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July 17, 2017

Development Strategy|Social Justice

UBI or Social Security

By Nitin Desai


Recently a seminar organized by the Institute for Human Development in Delhi discussed the proposals for a Universal Basic Income (UBI) put forward by Pranab Bardhan, and Vijay Joshi whose presence at the seminar added greatly to a better understanding of their ideas. The seminar also had sessions on the treatment of this topic in this year’s Economic Survey and field level concerns.

The dissatisfaction with the misdirection of subsidies in social welfare schemes and the high-level of ‘demerit’ subsidies that go to better-off sections of the population figured prominently in the discussion. What Vijay Joshi called ‘deep fiscal adjustment’ was sometimes advanced as a reason for replacing the existing subsidies, merited or not merited, with an UBI.  There was some discussion of how, in addition to the gains from the reduction in demerit subsidies, the resources required for an UBI could come from raising the tax/GDP ratio, disinvestment, and rationalization of fiscal sops, which, it was argued, gives fiscal headroom of about 10% of GDP.

The need for exceptions was recognized and this, interestingly included the MGNREGA, the principal vehicle for income subsidy at present.  It was also accepted that spending on public services like education and health must be protected, though one sensed a divide of sorts between those who would give priority to such merit good expenditures and those who preferred to enhance the agency of households/individuals to choose.  (For the latter group are education and health vouchers the next step after UBI?).  An undertone in the discussion was the disquiet about patron-client politics where subsidies are used by parties to preferentially favour their vote-banks.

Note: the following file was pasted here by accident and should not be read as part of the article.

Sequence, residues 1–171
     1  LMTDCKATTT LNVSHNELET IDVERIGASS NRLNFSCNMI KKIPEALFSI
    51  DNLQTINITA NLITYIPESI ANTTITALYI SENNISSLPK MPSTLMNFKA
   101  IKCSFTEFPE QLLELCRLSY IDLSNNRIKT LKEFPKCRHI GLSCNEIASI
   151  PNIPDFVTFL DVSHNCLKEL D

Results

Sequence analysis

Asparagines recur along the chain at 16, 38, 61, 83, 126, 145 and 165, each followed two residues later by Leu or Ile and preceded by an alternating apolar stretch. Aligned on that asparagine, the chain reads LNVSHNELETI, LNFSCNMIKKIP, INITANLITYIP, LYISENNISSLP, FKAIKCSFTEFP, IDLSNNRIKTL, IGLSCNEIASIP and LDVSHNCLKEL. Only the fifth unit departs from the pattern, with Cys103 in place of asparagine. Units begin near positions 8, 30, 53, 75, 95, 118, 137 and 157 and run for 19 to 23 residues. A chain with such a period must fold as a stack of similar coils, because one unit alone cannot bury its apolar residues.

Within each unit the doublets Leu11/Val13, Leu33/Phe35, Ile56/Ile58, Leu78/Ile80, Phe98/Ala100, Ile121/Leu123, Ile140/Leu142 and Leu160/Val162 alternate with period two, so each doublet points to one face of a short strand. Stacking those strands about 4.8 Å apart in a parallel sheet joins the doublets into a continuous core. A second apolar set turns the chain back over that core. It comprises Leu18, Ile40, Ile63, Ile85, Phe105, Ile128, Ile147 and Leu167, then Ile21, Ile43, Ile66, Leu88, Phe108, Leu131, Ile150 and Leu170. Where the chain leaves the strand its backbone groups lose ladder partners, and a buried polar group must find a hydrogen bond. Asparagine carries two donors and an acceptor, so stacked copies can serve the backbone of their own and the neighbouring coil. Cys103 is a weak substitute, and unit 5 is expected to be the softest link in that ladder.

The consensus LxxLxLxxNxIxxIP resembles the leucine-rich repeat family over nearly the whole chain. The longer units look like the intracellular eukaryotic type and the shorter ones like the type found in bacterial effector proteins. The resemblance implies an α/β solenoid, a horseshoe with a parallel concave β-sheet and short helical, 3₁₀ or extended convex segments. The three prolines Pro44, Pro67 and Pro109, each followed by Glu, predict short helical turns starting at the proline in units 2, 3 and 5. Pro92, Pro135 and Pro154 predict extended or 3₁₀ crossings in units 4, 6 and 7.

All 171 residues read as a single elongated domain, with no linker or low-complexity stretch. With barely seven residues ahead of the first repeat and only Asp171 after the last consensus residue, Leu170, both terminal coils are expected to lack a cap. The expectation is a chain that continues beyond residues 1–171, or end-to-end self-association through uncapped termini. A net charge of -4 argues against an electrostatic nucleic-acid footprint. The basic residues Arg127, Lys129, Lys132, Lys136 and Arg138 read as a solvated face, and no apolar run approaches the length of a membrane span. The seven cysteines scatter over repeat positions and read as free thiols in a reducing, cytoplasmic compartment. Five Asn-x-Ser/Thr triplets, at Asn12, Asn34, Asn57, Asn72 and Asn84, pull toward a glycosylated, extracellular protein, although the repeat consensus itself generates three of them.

There was a slightly surreal discussion of implementation issues like individual versus household entitlement, monthly or yearly payments, transfers through bank accounts or mobile wallets as if the implementation of the UBI is imminent.

My concern is that much of the discussion on financing, design and implementation issues deals with matters that should be taken up after we come to the judgement that an UBI is the appropriate way to pursue social security in India. 

The case for an UBI should rest on its impact on household economic security, a point stressed by Pranab Bardhan. In our fractured and fractious society protection against social discrimination must also be considered and from a welfare perspective we should look for

  • A guarantee for a minimum level of consumption of private and public goods
  • Protection from major sources of vulnerability like catastrophic health expenditures, substantial crop failures, loss of employment, natural disasters
  • Resources for advancement for oneself and for one’s children
  • Empowerment and a sense of agency for women, tribals, dalits, minorities
  • An escape route for those trapped in demeaning occupations like manual scavenging